Blu-ray Review - Moving Violations


I suppose 1984's "Police Academy" is the gift that keeps on giving. While offering its own legion of sequels and television shows, the unexpected hit also spawned a series of imitators. And who better to rip off "Police Academy" than the men that co-wrote it. Enter Neal Israel and Pat Proft, who collaborate once again on 1985's "Moving Violations," reviving formula that pits the smart alecks versus police department squares, only here the emphasis is on the ways of driving school, with its tests of skill and memorization. After experiencing a degree of success with 1984's raunchy "Bachelor Party," Proft and Israel (who directs) go the PG-13 route, trying to find a balance between the comic architecture of their youth and the needs of a modern audience used to bawdy humor and dumb guy antics. To its credit, "Moving Violations" is never boring, always on the prowl for a sight gag or a one-liner, but the screenplay doesn't reach very far, remaining weirdly conventional when their previous efforts enjoyed a wilder sense of humor to help attract attention. Read the rest at

Film Review - Resident Evil: The Final Chapter


It’s titled “Resident Evil: The Final Chapter,” and here’s to hoping the producers keep their promise. The sixth installment of the video game-inspire series endeavors to return the story to its origins, pitting long-suffer heroine Alice against old foes in the wilds of Raccoon City after spending previous sequels marching all over the world. It should be a back-to-basics romp for writer/director Paul W.S. Anderson, but the man can’t help himself, forgoing a chance to revive the simplistic fun of the original picture to craft another exposition-heavy, stiffly choreographed actioner, with star Milla Jovovich looking visibly tired, barely mustering up enough interest to portray a character who’s not really a character at all, but a poseable action figure. “The Final Chapter” is a drag, much like the rest of the franchise, but it’s the dropped potential of the movie that’s most frustrating, with Anderson recycling conflicts and combat as the script stumbles toward a non-ending. Read the rest at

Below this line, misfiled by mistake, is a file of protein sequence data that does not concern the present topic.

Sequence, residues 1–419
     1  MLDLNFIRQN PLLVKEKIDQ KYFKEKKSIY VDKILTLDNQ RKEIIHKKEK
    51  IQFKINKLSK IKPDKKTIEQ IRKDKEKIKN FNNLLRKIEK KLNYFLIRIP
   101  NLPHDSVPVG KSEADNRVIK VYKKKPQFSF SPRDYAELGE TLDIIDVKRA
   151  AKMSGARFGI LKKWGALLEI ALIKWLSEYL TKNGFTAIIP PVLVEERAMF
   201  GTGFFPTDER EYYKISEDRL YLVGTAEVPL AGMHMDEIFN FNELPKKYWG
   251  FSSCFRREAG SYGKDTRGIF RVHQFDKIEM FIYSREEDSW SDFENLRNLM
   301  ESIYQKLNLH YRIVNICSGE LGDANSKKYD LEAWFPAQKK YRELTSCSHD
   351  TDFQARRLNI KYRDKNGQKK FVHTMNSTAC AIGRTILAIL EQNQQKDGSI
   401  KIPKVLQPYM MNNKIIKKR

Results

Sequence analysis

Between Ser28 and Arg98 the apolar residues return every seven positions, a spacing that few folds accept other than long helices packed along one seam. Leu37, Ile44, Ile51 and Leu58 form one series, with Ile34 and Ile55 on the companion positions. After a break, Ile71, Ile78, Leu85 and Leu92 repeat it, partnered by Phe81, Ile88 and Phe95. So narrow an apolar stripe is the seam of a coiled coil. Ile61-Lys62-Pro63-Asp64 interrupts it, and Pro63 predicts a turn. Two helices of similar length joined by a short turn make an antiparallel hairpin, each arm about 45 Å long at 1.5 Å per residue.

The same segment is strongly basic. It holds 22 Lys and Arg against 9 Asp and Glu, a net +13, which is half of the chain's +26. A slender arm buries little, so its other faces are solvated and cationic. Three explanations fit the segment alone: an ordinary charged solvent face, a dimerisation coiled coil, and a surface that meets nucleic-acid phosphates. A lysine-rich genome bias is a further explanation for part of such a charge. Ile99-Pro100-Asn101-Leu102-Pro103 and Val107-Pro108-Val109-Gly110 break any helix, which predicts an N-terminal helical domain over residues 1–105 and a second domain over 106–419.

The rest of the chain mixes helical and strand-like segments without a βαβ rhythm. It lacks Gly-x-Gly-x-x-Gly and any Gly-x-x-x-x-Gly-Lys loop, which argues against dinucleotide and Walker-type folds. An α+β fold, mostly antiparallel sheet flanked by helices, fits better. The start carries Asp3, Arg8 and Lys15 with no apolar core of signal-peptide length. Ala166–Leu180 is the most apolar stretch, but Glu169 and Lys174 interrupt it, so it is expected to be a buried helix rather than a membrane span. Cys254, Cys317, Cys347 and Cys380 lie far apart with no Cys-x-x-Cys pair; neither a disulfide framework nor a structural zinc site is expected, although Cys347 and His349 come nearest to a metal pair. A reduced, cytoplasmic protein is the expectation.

Film Review - Gold


While it's unfair to criticize a film due to its trailer, the marketing materials for “Gold” promise an adventurous romp with unhinged characters experiencing seismic changes to their bank account and notoriety. The actual “Gold” isn't anywhere near that feature, emerging as more of a study of integrity and honesty in the shadow of unimaginable greed. I'm sure director Stephen Gaghan is mortified with the way his picture is being sold to the public, but his take on the ecstasy of gold isn't appealing, delving into tediously diseased personalities that could benefit from judicious editing. Gaghan refuses focus and narrative balance for his endeavor, which is quickly crippled by his clouded vision and laborious plot. Read the rest at

Film Review - A Dog's Purpose